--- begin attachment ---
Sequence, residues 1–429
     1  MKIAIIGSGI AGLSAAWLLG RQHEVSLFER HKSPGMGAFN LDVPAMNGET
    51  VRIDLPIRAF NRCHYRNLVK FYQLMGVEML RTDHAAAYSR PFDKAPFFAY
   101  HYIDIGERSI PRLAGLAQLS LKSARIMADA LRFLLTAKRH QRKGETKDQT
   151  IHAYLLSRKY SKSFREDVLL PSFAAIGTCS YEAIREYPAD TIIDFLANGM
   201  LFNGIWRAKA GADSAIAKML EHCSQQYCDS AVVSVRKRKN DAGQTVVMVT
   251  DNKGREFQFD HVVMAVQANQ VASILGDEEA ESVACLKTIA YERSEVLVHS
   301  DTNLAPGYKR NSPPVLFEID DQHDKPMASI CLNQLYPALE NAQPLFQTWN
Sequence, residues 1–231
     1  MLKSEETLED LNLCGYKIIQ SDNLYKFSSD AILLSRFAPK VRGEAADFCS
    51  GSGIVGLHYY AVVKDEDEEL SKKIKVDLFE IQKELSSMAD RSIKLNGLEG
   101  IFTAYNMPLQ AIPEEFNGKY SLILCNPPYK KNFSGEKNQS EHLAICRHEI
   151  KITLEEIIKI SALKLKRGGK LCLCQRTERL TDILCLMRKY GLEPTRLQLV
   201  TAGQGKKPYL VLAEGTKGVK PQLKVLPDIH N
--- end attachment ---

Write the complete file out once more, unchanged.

Sequence, residues 1–429
     1  MKIAIIGSGI AGLSAAWLLG RQHEVSLFER HKSPGMGAFN LDVPAMNGET
    51  VRIDLPIRAF NRCHYRNLVK FYQLMGVEML RTDHAAAYSR PFDKAPFFAY
   101  HYIDIGERSI PRLAGLAQLS LKSARIMADA LRFLLTAKRH QRKGETKDQT
   151  IHAYLLSRKY SKSFREDVLL PSFAAIGTCS YEAIREYPAD TIIDFLANGM
   201  LFNGIWRAKA GADSAIAKML EHCSQQYCDS AVVSVRKRKN DAGQTVVMVT
   251  DNKGREFQFD HVVMAVQANQ VASILGDEEA ESVACLKTIA YERSEVLVHS
   301  DTNLAPGYKR NSPPVLFEID DQHDKPMASI CLNQLYPALE NAQPLFQTWN
Sequence, residues 1–231
     1  MLKSEETLED LNLCGYKIIQ SDNLYKFSSD AILLSRFAPK VRGEAADFCS
    51  GSGIVGLHYY AVVKDEDEEL SKKIKVDLFE IQKELSSMAD RSIKLNGLEG
   101  IFTAYNMPLQ AIPEEFNGKY SLILCNPPYK KNFSGEKNQS EHLAICRHEI
   151  KITLEEIIKI SALKLKRGGK LCLCQRTERL TDILCLMRKY GLEPTRLQLV
   201  TAGQGKKPYL VLAEGTKGVK PQLKVLPDIH N